Exercise Your Financial Health

Nor' east Thinkin'

You'll be shocked by what's in your credit report

Published on: December 2, 2008

Boy, I’m thankful that Thanksgiving is over! After the media barrage about how we can undo the damage done to our waist lines, I can now get back to focusing on my financial “waste lines” – fixing my spending habits, past and present.

 

Judging from what I’m hearing from ag financial advisors, credit is tightening down even for farms. And our financial health is going to become just as important as our physical health. Both will cost us dearly if we aren’t vigilant.

 

I used to think that using low-interest or no-interest credit, it was to my advantage. (Call me gullible.) But recently, I figured out that all those nice people who extended me that credit weren’t doing me any favors. (Yep, I’m a slow learner.)

 

My wife and I keep a couple major credit cards. One of the credit card companies “fessed up” that an employee had absconded with personal financial data. So we received a free one-year subscription to a credit monitoring report. (If you’re wondering, I have an excellent score.)

 

But we were shocked to discover a number of retail store accounts still open – from as far back as 20 years ago. Some were multiples of the same store. When we bought furniture, for instance, apparently it was easier for the sales person to open a new account than pull up the old one. (No, I don’t buy much furniture. In our house, it’s got to be worn out or broken to replace it – much to my wife’s chagrin.)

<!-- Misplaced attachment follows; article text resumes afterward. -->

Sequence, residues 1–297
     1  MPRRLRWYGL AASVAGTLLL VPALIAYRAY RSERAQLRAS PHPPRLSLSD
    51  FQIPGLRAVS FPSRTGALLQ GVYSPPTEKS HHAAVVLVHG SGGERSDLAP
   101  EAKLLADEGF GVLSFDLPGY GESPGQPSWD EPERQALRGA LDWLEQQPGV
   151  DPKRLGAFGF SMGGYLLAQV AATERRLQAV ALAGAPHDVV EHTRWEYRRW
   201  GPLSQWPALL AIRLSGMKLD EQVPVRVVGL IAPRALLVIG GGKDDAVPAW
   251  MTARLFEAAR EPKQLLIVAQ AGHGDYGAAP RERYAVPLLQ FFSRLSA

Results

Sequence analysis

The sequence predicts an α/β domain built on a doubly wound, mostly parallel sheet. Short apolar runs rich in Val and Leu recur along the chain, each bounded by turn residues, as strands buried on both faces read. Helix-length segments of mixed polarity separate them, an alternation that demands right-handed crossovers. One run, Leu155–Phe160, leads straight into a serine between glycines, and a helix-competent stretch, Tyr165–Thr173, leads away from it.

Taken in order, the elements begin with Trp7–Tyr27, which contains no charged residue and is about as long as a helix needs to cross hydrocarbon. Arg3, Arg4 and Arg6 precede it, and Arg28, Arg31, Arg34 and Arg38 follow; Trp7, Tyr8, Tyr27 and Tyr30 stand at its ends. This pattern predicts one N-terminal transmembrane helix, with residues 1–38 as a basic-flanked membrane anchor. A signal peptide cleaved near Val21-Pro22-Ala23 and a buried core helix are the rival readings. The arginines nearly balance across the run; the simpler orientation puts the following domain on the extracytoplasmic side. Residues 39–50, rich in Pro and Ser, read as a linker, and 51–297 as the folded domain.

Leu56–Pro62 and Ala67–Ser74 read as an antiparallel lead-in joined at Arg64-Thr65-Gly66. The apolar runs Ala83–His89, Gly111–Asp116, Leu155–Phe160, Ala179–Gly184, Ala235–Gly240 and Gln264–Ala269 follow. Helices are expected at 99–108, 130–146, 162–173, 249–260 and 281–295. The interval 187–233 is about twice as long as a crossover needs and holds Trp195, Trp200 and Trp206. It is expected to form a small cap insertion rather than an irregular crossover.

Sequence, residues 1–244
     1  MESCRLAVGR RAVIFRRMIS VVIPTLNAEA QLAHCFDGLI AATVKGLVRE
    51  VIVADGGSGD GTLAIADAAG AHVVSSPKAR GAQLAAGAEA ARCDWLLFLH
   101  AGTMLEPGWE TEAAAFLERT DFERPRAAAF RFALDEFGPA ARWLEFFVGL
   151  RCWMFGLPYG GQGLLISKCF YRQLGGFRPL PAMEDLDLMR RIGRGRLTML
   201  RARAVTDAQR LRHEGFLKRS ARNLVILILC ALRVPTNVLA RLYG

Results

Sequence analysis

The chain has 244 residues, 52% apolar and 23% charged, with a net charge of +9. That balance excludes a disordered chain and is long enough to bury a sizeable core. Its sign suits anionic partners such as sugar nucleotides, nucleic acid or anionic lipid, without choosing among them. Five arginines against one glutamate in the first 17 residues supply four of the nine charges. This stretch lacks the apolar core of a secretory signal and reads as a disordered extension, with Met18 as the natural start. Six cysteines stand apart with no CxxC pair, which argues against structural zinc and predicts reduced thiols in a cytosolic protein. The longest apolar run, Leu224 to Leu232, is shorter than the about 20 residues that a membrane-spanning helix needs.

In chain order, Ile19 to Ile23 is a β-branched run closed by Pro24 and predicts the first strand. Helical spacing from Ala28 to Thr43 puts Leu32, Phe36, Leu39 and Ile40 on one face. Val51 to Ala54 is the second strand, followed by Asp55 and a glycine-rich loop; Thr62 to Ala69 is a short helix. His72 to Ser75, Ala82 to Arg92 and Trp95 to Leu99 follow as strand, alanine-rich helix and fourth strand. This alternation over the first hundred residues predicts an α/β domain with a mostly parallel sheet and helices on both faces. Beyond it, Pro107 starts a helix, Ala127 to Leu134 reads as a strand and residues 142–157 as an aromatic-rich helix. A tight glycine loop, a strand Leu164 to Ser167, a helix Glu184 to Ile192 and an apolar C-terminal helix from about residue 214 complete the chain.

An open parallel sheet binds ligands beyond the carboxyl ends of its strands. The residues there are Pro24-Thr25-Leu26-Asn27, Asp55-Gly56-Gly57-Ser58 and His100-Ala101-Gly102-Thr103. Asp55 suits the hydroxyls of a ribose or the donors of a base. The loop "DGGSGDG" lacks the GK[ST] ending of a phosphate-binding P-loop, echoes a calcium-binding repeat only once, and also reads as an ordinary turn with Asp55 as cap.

My point for mentioning it . . .

 

Unused credit accounts – not just credit cards – drag down your credit score. As lenders become more selective about who merits their lowest interest rates, you want your best score possible. The difference between just a good and an excellent credit rating can easily be a 1.60% difference in interest rates. And, I’m told that 79% of credit reports contain errors.

 

I strongly urge doing what I resisted doing: Have a credit agency send you a report from the three major credit analysis agencies – TransUnion, Equifax and Experian. If you’re on really good terms with your banker, they might give you one for free. You’ll be as surprised as we were.

 

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